Don Trone, widely considered the founding father of the fiduciary movement among private wealth advisors, is known for saying what he thinks. So I asked his opinion about the very public disagreement between Kevin Keller, the head of the CFP Board, and Allan Roth, a CFP and blogger for The Wall Street Journal. Trone, the founder and CEO of 3ethos, which trains fiduciaries, did not hold back.
Secondly, since July 1, 2008, CFP certificants have been subject to a fiduciary standard. “I’ve been told that there is language which permits the certificant to opt out of the fiduciary standard if certain conditions exist,” Trone says. “On the other hand, you have a statement from Kevin Keller which appeared recently on a blog: ‘The CFP Board is a 501(c)(3) nonprofit whose mission is to benefit the public and we take that charge seriously by being the only financial planning designation that requires and enforces a fiduciary standard of care.’
“Kevin doesn’t mention any exceptions, so I guess we can assume the fiduciary standard applies to all CFP certificants at all times,” says Trone.
Lastly, the CFP Board is publicly advocating a fiduciary standard; in its advocacy, it doesn’t mention allowing CFPs to opt out, Trone says.
When you consider these three elements collectively, Trone says you must come to the conclusion that the fiduciary standard applies to all CFP certificants, no matter whether that are registered reps or investment adviser reps. “Which brings up the logical follow-on question,” says Trone. “What is the CFP Board’s fiduciary standard?”
A standard, says Trone, is defined by “principles and practices, and often times includes safe harbor procedures to insulate a professional or an organization from the unintended consequences of applying a particular standard.”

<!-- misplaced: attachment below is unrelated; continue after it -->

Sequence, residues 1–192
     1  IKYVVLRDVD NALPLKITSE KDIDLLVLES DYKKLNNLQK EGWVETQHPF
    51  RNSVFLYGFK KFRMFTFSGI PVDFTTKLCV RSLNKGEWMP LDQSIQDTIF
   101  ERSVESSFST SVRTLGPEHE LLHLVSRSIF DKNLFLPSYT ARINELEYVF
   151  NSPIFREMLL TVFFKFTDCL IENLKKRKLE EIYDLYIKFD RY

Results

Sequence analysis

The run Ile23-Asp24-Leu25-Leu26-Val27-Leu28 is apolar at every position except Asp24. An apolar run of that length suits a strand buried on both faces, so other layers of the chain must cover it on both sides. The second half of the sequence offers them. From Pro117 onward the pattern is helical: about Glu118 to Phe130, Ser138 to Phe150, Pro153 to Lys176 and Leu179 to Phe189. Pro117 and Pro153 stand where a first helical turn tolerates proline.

The CFP Board has done an excellent job of communicating the principles of a fiduciary standard — that a client’s interest comes first — but, says Trone, “I don’t believe they have published anything on the associated practices.”
On behalf of the FPA, Trone says he took a stab at aligning fiduciary practices with the six-step financial planning process and, in turn, the CFP Board’s practice standards. “Unfortunately, we can’t get the CFP Board to approve the work for CE because it is considered practice management, has proprietary content, and references leadership behaviors,” says Trone.
On a related note, Trone says advisors didn’t score very well in implementing practices associated with a fiduciary standard according to the 2012 Fiduciary Impact Survey. Yes, they scored well on the principles, but not the practices, Trone says.
Financial planners, as a practice area, didn’t score as well as other practices areas, such as retirement advisors and wealth managers. “To the CFP Board’s defense, we did not ask respondents to identify their professional designations, so there is no way of knowing whether CFP certificants would have scored higher,” Trone says. “Next year (this will be an annual survey) we will include designations so we’ll be able to isolate the scores of CFPs vs. other designations and practice areas.”
As for whether those who hold the CFP and who work for a brokerage firm could comply with the CFP Board’s fiduciary standard, Trone says the answer is yes, but. “The issue for the organization is whether the certificant’s fiduciary acknowledgement might blow a fiduciary circuit breaker elsewhere in the factory,” Trone says. “This is the reason why a fiduciary safe harbor is so critical, and why the B/Ds are not going to budge on a uniform fiduciary standard until they get one – and I can’t blame them. There are too many unknowns associated with adopting a uniform standard.”
So, this is what Trone would propose as a fiduciary safe harbor procedure: